EMT training helpful?

  1. I'm currently in LPN school and I am thinking of taking an EMT certification course to get more experience (i'm not a cna or anything) to help me get more comfortable with things in general. it's evening, I can do it after school, but it won't leave much time for homework. I thought it might help b/c I would like to maybe work in the ER for awhile after I get my license. I'm going on to get my RN after my lpn. Any advise from anyone that was an emt before a nurse, or even an emt after a nurse? I'm just worried I won't have much time for homework. the class is 6:00-10:00pm. Thanks.
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  2. 8 Comments

  3. by   ritarunningfeet
    I am an RN in an ER and work with many Nurses who were emts or paramedics first. And in my opinion they seem very comfortable with the trauma aspect right off the bat, where as I wasn't exposed to it until I started in the ER. So it can be benificial, however not necessary. I actually am taking an EMT class currently because I want to be a flight nurse some day.:roll
  4. by   TheCommuter
    Obtaining your EMT certification would be extremely helpful because you will know exactly what actions to take in emergent situations. In addition, you will absolutely do well in code situations, whereas someone without the EMT certification might not feel quite as comfortable.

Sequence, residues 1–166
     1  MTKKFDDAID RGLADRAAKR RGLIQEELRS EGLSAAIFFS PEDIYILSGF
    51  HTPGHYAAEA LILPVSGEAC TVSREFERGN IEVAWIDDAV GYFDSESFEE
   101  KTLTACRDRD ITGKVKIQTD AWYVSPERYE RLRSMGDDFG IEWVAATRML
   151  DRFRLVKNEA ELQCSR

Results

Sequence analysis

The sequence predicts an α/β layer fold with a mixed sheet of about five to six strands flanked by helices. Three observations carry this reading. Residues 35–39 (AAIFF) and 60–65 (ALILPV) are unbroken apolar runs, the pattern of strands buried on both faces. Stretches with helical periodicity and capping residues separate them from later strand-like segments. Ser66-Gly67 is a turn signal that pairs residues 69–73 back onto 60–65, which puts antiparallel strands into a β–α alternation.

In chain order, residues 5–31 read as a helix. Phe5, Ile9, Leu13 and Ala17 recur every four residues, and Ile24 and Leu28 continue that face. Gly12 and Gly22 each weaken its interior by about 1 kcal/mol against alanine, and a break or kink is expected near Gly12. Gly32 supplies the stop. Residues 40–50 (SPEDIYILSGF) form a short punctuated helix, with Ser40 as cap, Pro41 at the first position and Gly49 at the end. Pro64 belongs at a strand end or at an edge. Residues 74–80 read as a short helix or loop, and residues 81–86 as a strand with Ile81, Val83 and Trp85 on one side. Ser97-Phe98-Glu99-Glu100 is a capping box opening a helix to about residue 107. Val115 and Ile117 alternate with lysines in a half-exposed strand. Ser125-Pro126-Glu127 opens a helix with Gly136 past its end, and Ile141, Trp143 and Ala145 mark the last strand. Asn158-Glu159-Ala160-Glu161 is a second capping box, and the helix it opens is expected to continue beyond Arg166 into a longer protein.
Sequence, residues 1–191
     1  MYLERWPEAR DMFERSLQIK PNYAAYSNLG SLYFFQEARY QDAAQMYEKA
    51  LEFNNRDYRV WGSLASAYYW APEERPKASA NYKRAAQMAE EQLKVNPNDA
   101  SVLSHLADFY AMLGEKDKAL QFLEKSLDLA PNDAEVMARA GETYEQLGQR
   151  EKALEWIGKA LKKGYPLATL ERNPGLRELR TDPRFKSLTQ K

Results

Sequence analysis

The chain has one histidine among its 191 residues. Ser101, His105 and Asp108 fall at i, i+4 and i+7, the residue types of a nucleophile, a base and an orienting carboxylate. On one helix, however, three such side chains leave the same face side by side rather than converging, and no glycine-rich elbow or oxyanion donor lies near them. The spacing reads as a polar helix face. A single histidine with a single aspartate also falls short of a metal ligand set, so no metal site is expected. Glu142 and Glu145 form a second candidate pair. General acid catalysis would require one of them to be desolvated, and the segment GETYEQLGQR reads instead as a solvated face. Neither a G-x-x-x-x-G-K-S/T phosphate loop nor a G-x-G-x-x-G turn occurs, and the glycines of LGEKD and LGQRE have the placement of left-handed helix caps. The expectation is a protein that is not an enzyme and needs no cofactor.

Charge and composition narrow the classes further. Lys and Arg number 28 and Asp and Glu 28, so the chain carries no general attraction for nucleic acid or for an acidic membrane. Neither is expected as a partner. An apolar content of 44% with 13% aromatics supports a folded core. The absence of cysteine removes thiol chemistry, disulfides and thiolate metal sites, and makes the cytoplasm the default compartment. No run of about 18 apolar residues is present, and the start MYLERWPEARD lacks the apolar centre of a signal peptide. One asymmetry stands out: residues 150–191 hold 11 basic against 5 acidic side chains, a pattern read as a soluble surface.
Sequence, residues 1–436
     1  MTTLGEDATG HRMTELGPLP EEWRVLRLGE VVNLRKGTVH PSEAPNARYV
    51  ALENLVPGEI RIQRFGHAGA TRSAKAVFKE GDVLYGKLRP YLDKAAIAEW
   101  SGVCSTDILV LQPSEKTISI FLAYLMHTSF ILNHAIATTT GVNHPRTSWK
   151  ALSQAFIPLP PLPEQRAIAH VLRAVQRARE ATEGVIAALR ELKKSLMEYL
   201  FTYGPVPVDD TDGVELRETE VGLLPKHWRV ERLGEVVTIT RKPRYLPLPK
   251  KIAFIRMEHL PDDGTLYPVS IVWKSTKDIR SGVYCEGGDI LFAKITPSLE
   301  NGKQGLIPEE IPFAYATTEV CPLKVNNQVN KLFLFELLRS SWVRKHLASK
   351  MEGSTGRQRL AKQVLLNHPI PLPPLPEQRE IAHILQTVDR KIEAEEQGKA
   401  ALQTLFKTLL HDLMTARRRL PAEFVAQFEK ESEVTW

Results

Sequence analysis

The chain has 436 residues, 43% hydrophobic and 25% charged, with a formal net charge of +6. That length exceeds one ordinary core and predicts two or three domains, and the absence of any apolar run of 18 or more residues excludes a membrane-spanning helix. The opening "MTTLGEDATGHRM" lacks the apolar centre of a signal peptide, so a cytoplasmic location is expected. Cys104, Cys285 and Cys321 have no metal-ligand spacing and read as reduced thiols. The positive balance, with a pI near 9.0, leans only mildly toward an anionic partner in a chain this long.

5. by   pagandeva2000
    Quote from sconoli
    I'm currently in LPN school and I am thinking of taking an EMT certification course to get more experience (i'm not a cna or anything) to help me get more comfortable with things in general. it's evening, I can do it after school, but it won't leave much time for homework. I thought it might help b/c I would like to maybe work in the ER for awhile after I get my license. I'm going on to get my RN after my lpn. Any advise from anyone that was an emt before a nurse, or even an emt after a nurse? I'm just worried I won't have much time for homework. the class is 6:00-10:00pm. Thanks.
    While I would certainly agree that taking the EMT course would be an advantage, I would NOT do it simultaneously with LPN courses. The EMT course (at least here in New York) is known to be very vigorous and the information may be conflicting. Since you are already in LPN school, I'd consider taking it afterwards. Also, in order to finish what you already started in LPN school, it would he hard to not do homework and study if you have the distraction of yet, another course. Each semester may require more from you. Once you complete one course, then, do the other. There is no reason not to have both licenses or certifications, but, don't blow what you already put time into. Just my 2 cents....
  6. by   EMT&PNStf
    i became EMT certified before i started LPN school. i think it helped me become more comfortable with pts and in emergency situations. i don't use many of my EMT skills right now as a PNS, but i think they'll help me after i become an LPN. i wouldn't recommend doing EMT and LPN classes at the same time, it's to easy to get your skills and scope of practice confused.
  7. by   pagandeva2000
    Quote from EMT&PNStf